Devil's Night is the night in the city where all hell breaks loose and crime and vandalism are rife. But a year ago, a very serious event occured when rock musician Eric Draven (Brandon Lee) was brutally murdered by four thugs for reasons he did not even grasp. They also raped and killed his girlfriend Shelly (Sofia Shinas), who was in a coma for over a day before succumbing to her injuries. The first policeman at the scene of the crime - their apartment - was Sergeant Albrecht (Ernie Hudson), and even a seasoned officer like him was sickened, especially as Shelly did so much for the community, such as looking after the waif Sarah (Rochelle Davis). Who will stop the thugs now?
Some films are forever to be associated with what happened behind the camera rather than what occured in the finished film, and The Crow was one of those, with the news that star Brandon Lee had died while filming his death scene creating a shock around the world, not least because he had died too young as his father Bruce Lee had done. There were too many horrible ironies about the tragedy, the connections between father and son, the fact that the character's death turned out to be the actor's death, and cruelly the way that such a promising role, one which would have made Lee a true force to be reckoned with in the movies, had seen the end of him.
Those ironies continued once the film was released and we saw the plot, based on the comic book by James O'Barr which he had created as a tribute to his murdered fiancée. That Lee played a man back from the dead to avenge his killing would have been powerful enough knowing the background to the original work, that the movie brought the star to life and preserved him for decades, possibly even centuries to come was as haunting as his performance, which showed that he could have carried far better efforts than the clunky action movies he had made previously; rather than following straight in his father's footsteps as a generic action hero he could have easily branched out as something different from the pack.
All this resonance is impossible to divorce from the experience of watching the production, and it is to the filmmakers' credit that they managed to fashion something out of the footage that they already had, resulting in a more streamlined, almost fable-like simplicity to its tale. Once Eric has been revived and has crawled out of his grave by the power of the crow which follows him about subsequently (how this happens is never explained, adding a sense of enigma), he sets about making with the vigilante moves on the four thugs who took his life, and that of his lover. The romantic connection is emphasised in flashbacks to happier times, but otherwise director Alex Proyas showed a focus on making the imagery as monochrome as possible, a decision which brings to mind the comic it was drawn from.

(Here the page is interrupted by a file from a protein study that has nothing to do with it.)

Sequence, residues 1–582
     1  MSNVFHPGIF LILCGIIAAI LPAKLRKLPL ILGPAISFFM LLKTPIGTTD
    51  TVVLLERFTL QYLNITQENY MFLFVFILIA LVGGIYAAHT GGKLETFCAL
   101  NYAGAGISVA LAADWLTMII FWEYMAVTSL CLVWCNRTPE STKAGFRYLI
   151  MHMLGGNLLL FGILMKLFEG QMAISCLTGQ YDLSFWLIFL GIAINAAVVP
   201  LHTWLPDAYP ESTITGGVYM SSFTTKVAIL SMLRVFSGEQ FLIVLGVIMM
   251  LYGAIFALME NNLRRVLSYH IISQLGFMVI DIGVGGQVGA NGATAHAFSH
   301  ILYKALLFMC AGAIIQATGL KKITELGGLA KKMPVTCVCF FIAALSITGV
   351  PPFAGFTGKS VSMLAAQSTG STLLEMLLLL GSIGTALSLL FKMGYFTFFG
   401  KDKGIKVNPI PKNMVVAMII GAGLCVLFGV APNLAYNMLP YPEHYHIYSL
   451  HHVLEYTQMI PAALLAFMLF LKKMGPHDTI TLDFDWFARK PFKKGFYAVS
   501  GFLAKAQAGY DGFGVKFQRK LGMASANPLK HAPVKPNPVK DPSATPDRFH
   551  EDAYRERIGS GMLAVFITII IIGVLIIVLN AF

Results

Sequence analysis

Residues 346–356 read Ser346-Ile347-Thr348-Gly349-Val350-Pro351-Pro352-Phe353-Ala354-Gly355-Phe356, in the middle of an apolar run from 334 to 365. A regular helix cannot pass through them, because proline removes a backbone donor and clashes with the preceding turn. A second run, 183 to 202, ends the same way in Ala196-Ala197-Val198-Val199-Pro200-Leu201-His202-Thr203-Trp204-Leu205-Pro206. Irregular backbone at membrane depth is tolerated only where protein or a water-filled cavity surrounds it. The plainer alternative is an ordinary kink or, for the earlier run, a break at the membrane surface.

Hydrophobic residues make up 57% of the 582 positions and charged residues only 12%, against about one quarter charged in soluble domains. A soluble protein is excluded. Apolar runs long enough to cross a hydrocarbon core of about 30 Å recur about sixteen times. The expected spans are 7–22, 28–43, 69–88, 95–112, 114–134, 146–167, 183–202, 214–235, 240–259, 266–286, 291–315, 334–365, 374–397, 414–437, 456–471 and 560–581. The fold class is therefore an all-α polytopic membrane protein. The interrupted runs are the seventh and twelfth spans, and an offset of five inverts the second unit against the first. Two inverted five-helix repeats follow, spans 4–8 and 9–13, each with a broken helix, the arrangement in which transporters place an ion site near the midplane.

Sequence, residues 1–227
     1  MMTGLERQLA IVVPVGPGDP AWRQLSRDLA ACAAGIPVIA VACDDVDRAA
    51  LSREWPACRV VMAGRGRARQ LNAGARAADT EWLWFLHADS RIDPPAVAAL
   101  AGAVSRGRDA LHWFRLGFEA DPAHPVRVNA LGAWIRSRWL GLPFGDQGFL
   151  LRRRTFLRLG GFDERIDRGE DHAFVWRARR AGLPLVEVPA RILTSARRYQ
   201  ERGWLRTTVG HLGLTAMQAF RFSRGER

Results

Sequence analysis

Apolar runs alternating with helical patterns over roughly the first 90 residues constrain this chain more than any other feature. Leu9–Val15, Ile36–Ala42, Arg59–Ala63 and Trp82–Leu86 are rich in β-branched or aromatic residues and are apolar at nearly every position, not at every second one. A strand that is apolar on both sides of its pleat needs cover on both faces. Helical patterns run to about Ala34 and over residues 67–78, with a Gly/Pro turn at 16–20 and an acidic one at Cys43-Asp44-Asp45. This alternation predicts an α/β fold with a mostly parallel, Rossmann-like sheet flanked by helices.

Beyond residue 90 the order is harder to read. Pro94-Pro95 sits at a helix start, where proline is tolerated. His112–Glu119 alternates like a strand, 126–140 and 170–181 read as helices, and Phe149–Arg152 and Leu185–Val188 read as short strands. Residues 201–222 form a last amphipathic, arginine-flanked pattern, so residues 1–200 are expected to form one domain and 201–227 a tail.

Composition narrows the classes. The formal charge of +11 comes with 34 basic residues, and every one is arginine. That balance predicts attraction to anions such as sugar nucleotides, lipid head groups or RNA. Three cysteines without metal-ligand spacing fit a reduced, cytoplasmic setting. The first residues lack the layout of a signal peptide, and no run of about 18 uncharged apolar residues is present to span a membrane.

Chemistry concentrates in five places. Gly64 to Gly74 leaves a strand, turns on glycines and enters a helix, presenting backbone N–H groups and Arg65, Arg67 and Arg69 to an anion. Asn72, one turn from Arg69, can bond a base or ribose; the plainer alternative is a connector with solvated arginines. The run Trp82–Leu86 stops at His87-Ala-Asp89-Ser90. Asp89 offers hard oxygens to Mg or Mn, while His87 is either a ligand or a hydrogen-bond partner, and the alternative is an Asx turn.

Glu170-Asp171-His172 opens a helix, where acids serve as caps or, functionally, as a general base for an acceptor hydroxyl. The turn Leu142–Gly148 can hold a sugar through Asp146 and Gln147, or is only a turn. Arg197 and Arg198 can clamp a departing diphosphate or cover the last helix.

As well as underlining that funereal mood that the viewer is immersed in from the moment the title appears. This could have gone the other way and turned into a remake of Death Wish with Goth pretensions, and it's uncomfortable to think that Lee's death is what rescued it from that mediocrity, but it's not all down to this. Lee had charisma, and while if you actually concentrate to see how often he appears you'll notice a few stand-ins and the like, his presence is there throughout, compassionate but fierce. To prevent it from becoming just another slasher movie with the killer being the good guy, Draven does find there's someone determined to stop his vengeance, and he is the man who ordered his killing, played with wit and menace by Michael Wincott. There may not be much substance to the narrative if you look at it in the cold light of day, but it echoed with sadness and loss thanks to Lee. Music by Graeme Revell.
Egyptian-born director who grew up in Australia and directed dozens of high-profile music videos and commercials during the 1980s. Proyas's feature debut was the low-budget Spirits of the Air, Gremlins of the Clouds, but it was 1994's The Crow that brought him mainstream success and introduced his dark, stylish take on sci-fi and fantasy. Dark City was a futuristic film noir, while the Asimov-inspired I, Robot was one of 2004's biggest hits and Knowing an effects-filled addition to the popular apocalypse cycle. Also directed the Australian rock comedy Garage Days and much-lambasted fantasy flop Gods of Egypt, which caused him to have a public meltdown.